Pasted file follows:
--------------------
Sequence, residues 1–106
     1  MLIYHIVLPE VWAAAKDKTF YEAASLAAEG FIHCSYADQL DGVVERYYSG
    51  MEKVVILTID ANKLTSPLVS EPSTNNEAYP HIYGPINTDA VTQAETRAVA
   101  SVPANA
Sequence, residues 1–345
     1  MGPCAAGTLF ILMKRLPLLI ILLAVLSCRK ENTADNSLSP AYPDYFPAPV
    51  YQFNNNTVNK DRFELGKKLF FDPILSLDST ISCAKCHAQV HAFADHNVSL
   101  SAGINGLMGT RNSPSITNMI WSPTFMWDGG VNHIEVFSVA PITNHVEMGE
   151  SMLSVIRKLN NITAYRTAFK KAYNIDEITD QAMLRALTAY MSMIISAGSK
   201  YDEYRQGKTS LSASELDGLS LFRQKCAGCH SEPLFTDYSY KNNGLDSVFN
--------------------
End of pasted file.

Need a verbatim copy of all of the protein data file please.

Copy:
Sequence, residues 1–106
     1  MLIYHIVLPE VWAAAKDKTF YEAASLAAEG FIHCSYADQL DGVVERYYSG
    51  MEKVVILTID ANKLTSPLVS EPSTNNEAYP HIYGPINTDA VTQAETRAVA
   101  SVPANA
Sequence, residues 1–345
     1  MGPCAAGTLF ILMKRLPLLI ILLAVLSCRK ENTADNSLSP AYPDYFPAPV
    51  YQFNNNTVNK DRFELGKKLF FDPILSLDST ISCAKCHAQV HAFADHNVSL
   101  SAGINGLMGT RNSPSITNMI WSPTFMWDGG VNHIEVFSVA PITNHVEMGE
   151  SMLSVIRKLN NITAYRTAFK KAYNIDEITD QAMLRALTAY MSMIISAGSK
   201  YDEYRQGKTS LSASELDGLS LFRQKCAGCH SEPLFTDYSY KNNGLDSVFN